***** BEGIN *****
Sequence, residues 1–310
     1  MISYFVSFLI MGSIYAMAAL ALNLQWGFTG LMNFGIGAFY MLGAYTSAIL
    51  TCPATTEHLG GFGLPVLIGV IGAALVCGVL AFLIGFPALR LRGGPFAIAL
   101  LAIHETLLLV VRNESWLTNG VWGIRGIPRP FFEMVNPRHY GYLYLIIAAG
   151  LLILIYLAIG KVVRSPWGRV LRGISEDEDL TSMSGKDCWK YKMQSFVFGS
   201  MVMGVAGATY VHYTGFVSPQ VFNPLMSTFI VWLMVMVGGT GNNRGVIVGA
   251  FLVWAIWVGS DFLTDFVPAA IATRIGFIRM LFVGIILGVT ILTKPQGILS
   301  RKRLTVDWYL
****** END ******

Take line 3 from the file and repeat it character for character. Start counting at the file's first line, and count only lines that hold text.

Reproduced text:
    51  TCPATTEHLG GFGLPVLIGV IGAALVCGVL AFLIGFPALR LRGGPFAIAL